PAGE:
Should the Anchorage School District change its school start times?

Anchorage school administrators will start studying school start times this fall, which could result in a later school day for older students or a more innovative school schedule.

It could also result in no change at all, according to Deena Bishop, Anchorage School District superintendent.

Bishop said in an interview Tuesday that the district plans to conduct a robust community survey about the possible changes and study the costs and impacts associated with switching up school schedules.

"We're talking 21st-century education," she said. "What should it look like for kids in Anchorage?"

Currently, Anchorage high school students start their days at 7:30 a.m., followed by middle school students at 8:15 a.m. and a majority of elementary school students at 9 a.m.

Conversations about pushing back high school start times have been broached in Anchorage in the past, but School Board President Tam Agosti-Gisler said last week she believes it's time for the district to revisit the issue and have a full discussion about possible schedule changes, especially if the changes could improve student learning.

"It's 2017. I'm tired of waiting," Agosti-Gisler said during Monday's Anchorage School Board meeting.


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Research vs. community structures

Across the country, high-schoolers have historically started classes earlier so they can get home in time to baby-sit younger siblings. The schedule also keeps elementary school students from walking to school or bus stops in the early-morning darkness during high traffic, and it keeps them in school until late afternoon.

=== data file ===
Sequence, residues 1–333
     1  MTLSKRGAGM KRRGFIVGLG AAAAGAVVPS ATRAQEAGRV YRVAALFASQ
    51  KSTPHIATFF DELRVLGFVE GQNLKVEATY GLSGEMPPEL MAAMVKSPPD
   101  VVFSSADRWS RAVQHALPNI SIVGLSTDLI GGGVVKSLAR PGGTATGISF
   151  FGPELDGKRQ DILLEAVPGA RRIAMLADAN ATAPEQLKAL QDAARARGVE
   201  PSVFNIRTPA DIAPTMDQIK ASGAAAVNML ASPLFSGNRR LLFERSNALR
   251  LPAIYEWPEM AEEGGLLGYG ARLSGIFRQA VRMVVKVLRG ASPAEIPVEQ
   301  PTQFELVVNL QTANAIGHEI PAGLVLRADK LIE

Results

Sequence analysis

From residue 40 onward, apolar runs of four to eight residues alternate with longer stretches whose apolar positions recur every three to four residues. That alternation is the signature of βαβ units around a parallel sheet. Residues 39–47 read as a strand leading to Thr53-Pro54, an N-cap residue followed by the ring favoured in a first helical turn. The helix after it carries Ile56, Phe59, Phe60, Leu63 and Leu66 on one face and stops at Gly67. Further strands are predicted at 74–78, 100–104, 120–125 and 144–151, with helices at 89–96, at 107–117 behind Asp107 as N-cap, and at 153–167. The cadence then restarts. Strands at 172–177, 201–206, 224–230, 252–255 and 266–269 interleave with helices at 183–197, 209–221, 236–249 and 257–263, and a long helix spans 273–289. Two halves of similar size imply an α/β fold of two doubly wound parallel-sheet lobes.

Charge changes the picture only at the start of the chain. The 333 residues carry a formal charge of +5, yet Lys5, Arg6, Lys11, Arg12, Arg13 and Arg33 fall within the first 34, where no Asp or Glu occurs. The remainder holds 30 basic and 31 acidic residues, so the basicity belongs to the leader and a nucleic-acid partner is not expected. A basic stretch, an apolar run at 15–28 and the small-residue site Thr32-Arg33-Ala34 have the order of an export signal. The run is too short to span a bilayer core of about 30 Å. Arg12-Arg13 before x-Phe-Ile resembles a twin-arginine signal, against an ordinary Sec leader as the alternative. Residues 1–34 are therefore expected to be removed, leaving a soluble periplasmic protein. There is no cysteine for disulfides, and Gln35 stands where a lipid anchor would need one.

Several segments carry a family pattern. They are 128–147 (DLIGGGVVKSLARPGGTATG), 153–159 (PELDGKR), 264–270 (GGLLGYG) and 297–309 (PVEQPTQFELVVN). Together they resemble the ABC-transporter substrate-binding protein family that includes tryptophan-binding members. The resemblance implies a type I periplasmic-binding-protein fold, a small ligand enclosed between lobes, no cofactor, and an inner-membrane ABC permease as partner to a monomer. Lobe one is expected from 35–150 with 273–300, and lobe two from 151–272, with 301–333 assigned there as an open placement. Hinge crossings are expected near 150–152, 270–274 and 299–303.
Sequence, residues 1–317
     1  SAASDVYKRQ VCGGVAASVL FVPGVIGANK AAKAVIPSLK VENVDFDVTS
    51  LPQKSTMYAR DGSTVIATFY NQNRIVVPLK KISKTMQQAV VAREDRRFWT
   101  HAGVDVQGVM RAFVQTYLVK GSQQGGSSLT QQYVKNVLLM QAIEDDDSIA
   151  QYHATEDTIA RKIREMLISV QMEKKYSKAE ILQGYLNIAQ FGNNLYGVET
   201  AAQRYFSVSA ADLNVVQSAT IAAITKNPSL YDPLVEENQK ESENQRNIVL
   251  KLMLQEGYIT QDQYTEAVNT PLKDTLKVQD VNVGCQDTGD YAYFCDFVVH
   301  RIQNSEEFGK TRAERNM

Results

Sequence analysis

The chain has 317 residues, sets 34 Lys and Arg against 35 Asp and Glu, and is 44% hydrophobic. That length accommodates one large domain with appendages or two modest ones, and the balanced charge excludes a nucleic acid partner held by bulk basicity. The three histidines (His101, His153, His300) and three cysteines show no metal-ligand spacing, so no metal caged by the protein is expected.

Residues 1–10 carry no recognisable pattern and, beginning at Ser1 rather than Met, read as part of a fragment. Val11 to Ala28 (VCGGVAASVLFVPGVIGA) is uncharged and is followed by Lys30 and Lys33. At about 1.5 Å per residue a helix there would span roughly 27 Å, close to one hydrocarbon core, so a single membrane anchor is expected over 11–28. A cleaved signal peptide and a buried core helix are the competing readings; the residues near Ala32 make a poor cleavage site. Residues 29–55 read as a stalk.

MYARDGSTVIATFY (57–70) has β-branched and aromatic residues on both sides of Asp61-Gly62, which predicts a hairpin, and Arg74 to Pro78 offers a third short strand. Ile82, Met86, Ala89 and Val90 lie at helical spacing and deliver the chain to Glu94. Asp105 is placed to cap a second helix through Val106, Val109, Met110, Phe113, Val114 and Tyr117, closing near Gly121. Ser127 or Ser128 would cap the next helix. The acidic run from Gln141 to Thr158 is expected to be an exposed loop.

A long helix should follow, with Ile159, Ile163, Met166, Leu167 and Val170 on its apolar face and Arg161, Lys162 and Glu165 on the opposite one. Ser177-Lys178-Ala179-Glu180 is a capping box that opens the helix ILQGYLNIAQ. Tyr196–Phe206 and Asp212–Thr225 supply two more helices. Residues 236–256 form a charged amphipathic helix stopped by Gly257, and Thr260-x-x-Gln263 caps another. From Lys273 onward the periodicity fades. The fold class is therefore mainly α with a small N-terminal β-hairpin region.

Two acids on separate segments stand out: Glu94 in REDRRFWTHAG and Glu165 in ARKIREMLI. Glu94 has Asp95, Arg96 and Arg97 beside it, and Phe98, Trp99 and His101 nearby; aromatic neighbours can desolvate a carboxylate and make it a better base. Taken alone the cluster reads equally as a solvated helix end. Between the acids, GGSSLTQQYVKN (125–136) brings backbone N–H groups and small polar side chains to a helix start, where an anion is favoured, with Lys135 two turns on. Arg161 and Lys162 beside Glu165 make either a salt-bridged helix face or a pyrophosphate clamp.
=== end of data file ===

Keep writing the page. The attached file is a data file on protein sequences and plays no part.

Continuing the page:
But research shows that the typical school schedule might not work well for teenagers' sleep schedules. During adolescence, teens' internal clocks shift, making it hard for them to fall asleep before 11 p.m.

It's next to impossible for them to get the recommended eight to 10 hours of sleep with such early school start times.

The American Academy of Sleep Medicine, the American Academy of Pediatrics, the Centers for Disease Control and Prevention and several other national organizations have recommended that middle and high school start no earlier than 8:30 a.m.

Having later start times would improve teenagers' school attendance, academic performance and behaviors, said Dr. Ross Dodge of Peak Neurology and Sleep Medicine in Anchorage. He supports high school starting at 8:30 a.m., but he said the widespread impacts of shifting start times could impede change.

"When you shift that start time, the carryover effects to the rest of society are pretty massive," he said. "I don't think that there's been resistance across the country because people don't believe in the science behind the recommendations."

Bishop said she was well aware that shifting school start times in Anchorage would have a widespread impact — from parents' work schedules to day care options to after-school jobs and sports practice. She said she wanted to hear about the consequences from all those impacted — both good and bad.

"Any kind of change is going to be difficult, but I want it to be in concert with our community — not something that they feel like is being done to them," she said.